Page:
cannon-nanjing

The “Great Cannon” and China’s information arsenal

The following article was originally posted at The Pearl of Lao-tzu.

While classic censorship continues to be a vital part of the PRC information control repertoire, its relative importance is decreasing as the techniques deployed by the regime become increasingly sophisticated.

We have seen the rise of a new approach to internet management since the Hu Jintao administration’s Sixth Plenum in 2011. This new regime focuses on ”control and management” rather than outright suppression of independent voices.

Over the last few years, a ”soft” censorship had developed that allows criticism but silence collective expression and the formation of independent public opinon. The strength of this approach to information management lies in its subtlety; the spread and impact of a certain message is controlled without the need of direct censorship.

If my interpretation is correct, the management of the release and spread of Chai Jing’s Under the Dome was an impressive example of this new approach to information management.

The viral documentary was promoted by the official press and within a few days the video had 200 million hits. The Ministry of Science and Technology profited from the heightened public interest when it announced a five year air pollution control project and in a widely publicized speech Premier Li Keqiang told the National People’s Congress: “Environmental pollution is a blight on people’s quality of life and a trouble that weighs on their hearts … We must fight it with all our might.”

However, Chai Jing’s documentary was soon shut down and further ”hype” of the topic was discouraged. This left many observers perplexed, but I would argue that their failure to understand the situation is simply a result of them being unable to think beyond the dichotomy of liberalization-censorship or civil society-state.

”Under the Dome” was actually a perfect example of how the Chinese information regime made use of a legitimate voice from civil society (民间) to advance its own environmental reform agenda; the ”answers” that are suggested in Chai Jing’s documentary are almost identical to the government’s. At the same time, independent, public debate on the matter was limited.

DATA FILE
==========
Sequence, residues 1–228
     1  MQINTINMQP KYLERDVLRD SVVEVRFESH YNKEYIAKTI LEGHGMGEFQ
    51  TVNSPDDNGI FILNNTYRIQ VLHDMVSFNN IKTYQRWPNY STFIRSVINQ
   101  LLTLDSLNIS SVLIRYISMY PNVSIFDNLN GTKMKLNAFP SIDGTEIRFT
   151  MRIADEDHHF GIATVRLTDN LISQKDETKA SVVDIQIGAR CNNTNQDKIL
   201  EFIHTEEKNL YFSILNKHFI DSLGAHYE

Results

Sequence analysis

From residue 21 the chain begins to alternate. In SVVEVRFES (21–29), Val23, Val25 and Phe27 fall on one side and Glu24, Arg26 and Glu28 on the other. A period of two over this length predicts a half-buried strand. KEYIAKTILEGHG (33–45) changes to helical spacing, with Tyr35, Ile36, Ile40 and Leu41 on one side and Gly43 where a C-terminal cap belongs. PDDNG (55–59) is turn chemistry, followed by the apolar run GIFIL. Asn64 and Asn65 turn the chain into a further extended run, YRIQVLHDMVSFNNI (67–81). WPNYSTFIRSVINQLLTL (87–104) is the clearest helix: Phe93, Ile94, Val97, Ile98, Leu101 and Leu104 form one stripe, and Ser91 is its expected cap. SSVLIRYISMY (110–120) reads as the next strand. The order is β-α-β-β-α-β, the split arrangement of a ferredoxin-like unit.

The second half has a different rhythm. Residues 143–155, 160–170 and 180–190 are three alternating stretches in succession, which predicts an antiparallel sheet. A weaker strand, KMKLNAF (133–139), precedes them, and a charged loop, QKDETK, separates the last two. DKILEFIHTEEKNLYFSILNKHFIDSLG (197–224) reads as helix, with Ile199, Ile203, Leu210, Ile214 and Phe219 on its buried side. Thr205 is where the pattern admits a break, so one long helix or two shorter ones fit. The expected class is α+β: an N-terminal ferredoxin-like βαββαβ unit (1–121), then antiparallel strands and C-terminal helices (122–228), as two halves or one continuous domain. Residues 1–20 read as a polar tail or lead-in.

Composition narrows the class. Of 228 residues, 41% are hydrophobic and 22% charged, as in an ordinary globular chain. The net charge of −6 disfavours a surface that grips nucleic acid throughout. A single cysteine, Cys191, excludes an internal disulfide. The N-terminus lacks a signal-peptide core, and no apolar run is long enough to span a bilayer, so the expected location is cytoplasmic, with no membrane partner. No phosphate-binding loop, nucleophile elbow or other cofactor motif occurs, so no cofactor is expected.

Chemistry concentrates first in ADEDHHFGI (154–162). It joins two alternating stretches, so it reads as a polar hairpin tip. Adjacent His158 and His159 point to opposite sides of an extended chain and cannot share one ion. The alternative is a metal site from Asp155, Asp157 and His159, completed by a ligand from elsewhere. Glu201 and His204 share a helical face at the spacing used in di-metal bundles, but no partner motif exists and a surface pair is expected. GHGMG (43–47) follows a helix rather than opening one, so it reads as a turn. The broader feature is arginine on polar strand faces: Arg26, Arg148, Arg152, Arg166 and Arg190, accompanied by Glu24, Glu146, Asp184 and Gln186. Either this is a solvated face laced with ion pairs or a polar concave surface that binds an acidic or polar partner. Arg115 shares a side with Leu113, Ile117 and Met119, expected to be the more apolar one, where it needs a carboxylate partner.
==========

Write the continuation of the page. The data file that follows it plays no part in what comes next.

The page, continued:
Chai Jing’s case can be compared to how U.S. Democrats and French Socialists tried to exploit the enormous success of Thomas Piketty’s Capital in the Twenty-First Century to legitimate their politics in contrast to those of their opponents to the right, while completely avoiding any serious debate on inequality.

The overall approach of the new Chinese internet regime is thus one of guidance and containment rather than suppression, but it does not mean that brute force is not employed when necessary. One example is the ”seven baselines” for a clean Internet that were adopted at the China Internet Conference in August 2013 and followed by a campaign against influential and critical celebrities on China’s Weibo, the so-called ”Big V:s”.

Now it seems that the information control forces of the PRC have a new weapon in their arsenal: the ”Great Cannon” that was used for an attack on GitHub and GreatFire.org.

A recent research report suggests that the attack did not make use of the Great Firewall, as was initially assumed, but was carried out ”by a separate offensive system, with different capabilities and design, that [the authors of the article] term the “Great Cannon.”

The authors explain how this independent device hijacks traffic from individual IP addresses and is capable of arbitrarily replacing unencrypted content.

While the attack on GitHub was a simple DoS attack, the ”Great Cannon” potentially has the far more important capability to ”exploit by IP address”

A technically simple change in the Great Cannon’s configuration, switching to operating on traffic from a specific IP address rather than to a specific address, would allow its operator to deliver malware to targeted individuals who communicates with any Chinese server not employing cryptographic protections.  The GC operator first needs to discover the target’s IP address and identify a suitable exploit.  The operator then tasks the GC to intercept traffic from the target’s IP address, and replace certain responses with malicious content.  If the target ever made a single request to a server inside China not employing encryption (e.g., Baidu’s ad network), the GC could deliver a malicious payload to the target.  A target might not necessarily realize that their computer was communicating with a Chinese server, as a non-Chinese website located outside China could (for example) serve ads ultimately sourced from Chinese servers.

It should be clear to all that the Chinese information regime is evolving. To make sense of this evolution, the analysis and the terminology must evolve as well.

Puck Engman
puck.engman@vflnyheter.se

 

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